12 April 2011

Educational Sources for Historical Context

You still hear some genealogists bragging about the number of names in their database. It happens less frequently now than a few years ago. Good genealogists are more interested in learning the life story of ancestors than in adding more names to a database with nothing more than birth, marriage, and death dates.

Good genealogists are historians. We focus on history in the micro. Instead of studying history's big picture and bigwigs we want to know about the activities of the little man or woman. What was daily life like for a poor farm family in rural East Texas? What was the work day like for those in the East Texas lumber industry and sawmills? How did a young man meet and marry a young woman who lived more than fifty miles away in the days before he could jump in his Chevy pickup and be at her house in less than an hour?

Knowing more about history in the macro can help us answer those questions. But what if we weren't interested in history all those years ago when we were in school? You might be surprised how the information schoolteachers use today can add life to our family history. In addition to providing fun for students the lesson plans and school field trips might lead to just the information we need to spice up a family narrative. Here are a few examples of places to find that information to bring your family story to life.

Living history museums not only offer exhibits, many demonstrate activities with hands-on participation. In Nacogdoches, Texas, Millard's Crossing offers tours of many period buildings. In addition to seeing the buildings and furnishings, the tourist washes laundry on a scrub board and runs it through a hand-powered wringer before pinning it up on a clothesline, uses a push plow to create a furrow in the soil and plant seeds, shells (not shucks) corn, and writes with a quill pen. Just comparing the trip up the stairs in an 1840s cabin to the stairs in a modern home can bring insight into the daily life of the woman cleaning that cabin or caring for a sick child in the upstairs bedroom.

Books written for the public or children often have photos and give a good overview of a scholarly topic. The Early Settler Life Series: Early Loggers and the Sawmill by Peter Adams (Toronto and New York: Crabtree Publishing Co., 1992) shows how the men worked in the forests and sawmills, how the fallen trees were moved through the forest and down the river, the importance of the support staff that kept the loggers fed, and how both families and single men lived in the logging camps. Historic Communities: Tools and Gadgets by Bobbie Kalman (Toronto and New York: Crabtree Publishing Co., 1992) illustrates tools used by the farmer, his wife, the doctor, the miller, and even the toys the children played with.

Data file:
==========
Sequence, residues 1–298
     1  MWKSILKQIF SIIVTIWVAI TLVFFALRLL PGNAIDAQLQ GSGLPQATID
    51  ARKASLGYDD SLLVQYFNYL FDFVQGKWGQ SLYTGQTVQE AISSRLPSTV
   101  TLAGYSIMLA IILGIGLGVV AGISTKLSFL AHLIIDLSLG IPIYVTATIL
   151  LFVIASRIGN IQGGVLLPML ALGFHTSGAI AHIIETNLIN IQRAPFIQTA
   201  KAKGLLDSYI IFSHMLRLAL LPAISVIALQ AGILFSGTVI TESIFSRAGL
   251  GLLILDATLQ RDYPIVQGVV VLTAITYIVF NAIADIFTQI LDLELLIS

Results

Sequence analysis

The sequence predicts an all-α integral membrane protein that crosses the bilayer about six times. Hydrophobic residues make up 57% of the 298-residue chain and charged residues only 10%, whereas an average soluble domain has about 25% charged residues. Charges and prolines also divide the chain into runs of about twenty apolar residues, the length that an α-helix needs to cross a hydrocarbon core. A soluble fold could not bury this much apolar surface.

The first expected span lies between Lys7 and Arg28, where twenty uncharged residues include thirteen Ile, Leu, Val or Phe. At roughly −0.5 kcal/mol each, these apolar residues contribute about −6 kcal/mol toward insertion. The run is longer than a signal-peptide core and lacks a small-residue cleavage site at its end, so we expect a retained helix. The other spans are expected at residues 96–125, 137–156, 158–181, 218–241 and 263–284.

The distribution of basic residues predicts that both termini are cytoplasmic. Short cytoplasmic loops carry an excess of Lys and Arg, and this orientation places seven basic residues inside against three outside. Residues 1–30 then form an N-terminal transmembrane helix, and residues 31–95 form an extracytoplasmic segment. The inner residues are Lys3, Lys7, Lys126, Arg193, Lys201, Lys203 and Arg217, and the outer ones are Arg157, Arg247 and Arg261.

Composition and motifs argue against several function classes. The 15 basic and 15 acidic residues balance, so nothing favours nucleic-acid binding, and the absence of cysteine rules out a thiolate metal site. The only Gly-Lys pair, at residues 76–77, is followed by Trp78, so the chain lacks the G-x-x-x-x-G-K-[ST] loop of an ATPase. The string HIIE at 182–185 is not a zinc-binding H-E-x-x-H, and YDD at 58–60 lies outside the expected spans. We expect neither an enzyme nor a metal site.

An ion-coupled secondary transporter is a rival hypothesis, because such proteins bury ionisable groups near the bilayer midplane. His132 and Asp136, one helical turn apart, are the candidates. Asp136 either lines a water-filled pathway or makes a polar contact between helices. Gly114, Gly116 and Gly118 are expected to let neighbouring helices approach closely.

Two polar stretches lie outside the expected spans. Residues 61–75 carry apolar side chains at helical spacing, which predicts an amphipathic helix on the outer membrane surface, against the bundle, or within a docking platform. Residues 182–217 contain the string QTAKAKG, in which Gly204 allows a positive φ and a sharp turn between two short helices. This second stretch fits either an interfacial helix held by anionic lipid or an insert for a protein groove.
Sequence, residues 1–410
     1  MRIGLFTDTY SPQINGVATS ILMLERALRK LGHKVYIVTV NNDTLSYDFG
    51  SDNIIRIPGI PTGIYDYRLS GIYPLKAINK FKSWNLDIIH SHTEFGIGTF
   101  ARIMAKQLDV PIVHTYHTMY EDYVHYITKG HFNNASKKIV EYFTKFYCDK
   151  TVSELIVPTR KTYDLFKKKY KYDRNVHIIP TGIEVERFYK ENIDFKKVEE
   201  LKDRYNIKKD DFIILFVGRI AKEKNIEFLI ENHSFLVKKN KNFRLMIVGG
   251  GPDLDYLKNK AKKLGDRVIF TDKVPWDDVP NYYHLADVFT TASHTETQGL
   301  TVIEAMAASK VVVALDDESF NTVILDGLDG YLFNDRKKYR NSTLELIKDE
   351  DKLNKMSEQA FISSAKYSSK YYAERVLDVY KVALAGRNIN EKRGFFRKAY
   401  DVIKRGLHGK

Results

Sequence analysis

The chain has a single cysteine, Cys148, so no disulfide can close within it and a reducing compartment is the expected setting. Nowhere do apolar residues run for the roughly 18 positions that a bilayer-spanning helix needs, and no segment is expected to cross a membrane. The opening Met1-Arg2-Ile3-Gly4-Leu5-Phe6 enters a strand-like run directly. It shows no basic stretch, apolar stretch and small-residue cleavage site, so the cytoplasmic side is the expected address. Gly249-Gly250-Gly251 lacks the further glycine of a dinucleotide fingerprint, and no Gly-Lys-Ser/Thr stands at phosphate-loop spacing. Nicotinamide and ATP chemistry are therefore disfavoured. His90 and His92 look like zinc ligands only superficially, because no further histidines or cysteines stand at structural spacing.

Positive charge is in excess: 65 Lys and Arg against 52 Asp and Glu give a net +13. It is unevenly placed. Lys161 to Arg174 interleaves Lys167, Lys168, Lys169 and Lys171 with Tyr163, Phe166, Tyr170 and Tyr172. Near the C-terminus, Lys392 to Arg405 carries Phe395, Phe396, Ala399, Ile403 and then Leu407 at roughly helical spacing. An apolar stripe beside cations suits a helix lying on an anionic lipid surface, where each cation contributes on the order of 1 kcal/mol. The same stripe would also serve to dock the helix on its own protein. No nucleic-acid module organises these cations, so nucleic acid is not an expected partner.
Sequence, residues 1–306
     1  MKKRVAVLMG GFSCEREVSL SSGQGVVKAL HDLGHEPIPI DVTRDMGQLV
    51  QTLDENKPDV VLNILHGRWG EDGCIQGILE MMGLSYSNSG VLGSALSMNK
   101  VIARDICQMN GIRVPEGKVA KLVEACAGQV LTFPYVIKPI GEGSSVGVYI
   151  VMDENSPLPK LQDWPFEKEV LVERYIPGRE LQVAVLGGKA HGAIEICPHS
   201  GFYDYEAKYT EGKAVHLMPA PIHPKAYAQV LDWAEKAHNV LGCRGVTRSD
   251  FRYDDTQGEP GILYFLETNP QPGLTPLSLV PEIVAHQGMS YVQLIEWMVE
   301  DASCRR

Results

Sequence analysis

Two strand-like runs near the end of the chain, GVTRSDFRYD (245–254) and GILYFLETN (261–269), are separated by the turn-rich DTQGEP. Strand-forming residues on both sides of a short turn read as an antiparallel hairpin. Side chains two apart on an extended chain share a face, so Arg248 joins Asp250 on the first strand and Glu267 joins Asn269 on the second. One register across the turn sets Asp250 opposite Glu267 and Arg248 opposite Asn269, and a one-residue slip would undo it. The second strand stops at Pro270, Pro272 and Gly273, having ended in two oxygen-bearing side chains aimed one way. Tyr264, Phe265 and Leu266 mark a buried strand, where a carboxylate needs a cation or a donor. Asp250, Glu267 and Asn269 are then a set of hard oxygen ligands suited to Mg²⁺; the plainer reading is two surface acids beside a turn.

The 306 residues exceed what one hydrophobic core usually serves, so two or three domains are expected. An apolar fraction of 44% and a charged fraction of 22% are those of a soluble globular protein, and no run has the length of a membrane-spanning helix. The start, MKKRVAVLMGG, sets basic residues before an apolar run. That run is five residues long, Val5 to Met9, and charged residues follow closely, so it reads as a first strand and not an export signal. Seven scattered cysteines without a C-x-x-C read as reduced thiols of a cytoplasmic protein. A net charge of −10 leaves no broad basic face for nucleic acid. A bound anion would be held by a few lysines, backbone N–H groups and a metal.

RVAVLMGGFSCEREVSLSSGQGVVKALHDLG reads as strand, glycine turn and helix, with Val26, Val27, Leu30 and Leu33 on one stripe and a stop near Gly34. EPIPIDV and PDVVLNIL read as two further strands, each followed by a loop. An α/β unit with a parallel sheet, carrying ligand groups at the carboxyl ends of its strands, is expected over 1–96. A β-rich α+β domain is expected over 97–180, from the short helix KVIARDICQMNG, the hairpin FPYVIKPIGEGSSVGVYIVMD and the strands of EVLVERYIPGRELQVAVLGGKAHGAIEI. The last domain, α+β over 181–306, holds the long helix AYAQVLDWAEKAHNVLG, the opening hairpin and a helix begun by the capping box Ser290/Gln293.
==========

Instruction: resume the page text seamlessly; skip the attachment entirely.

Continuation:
Lesson plans written to help teachers can help family historians, too. Government and private projects make this information freely available online, often through universities and state archives. The Texas State Library and Archives Commission has a new online project, Texas in Transition: Railroads, Oil, and the Rise of Urban Texas. In addition to links to historical facts, there are links to great maps.

Need an 1874 map of Texas railroads to see how that young man traveled to meet his future wife? See "Texas New Yorker's Railroad Map of Texas," published 1874; Texas State Archives Map Number 0945, Texas State Library and Archives Commission, Austin; digital image, Texas State Archives Map Collection ( http://www.tsl.state.tx.us/exhibits/railroad/beginnings/map0945-display.html : accessed 12 April 2011).

Need an 1891 map of Dallas to determine the distance between the homes of two ancestors? How about this one linked from the section about the growth of Dallas: Theodore Schauseil, cartographer, "Revised Edition of Murphy and Bolanz Official Map of the City of Dallas and Suburbs/1891" (Publisher: J.P. Murphy and Charles Bolanz, Real Estate Brokers and Investment Bankers, Dallas, 1891); Texas State Archives Map Number 2346, Texas State Library and Archives Commission; Texas State Archives Map Collection ( http://www.tsl.state.tx.us/cgibin/aris/maps/maplookup.php?mapnum=2346 : accessed 12 April 2011).

These are only a few of the resources to help understand the lives of our ancestors. Be creative when looking for information. It isn't just the scholarly publications by learned historians that can give you what you need to write a great story.

© 2011, Debbie Parker Wayne, All Rights Reserved

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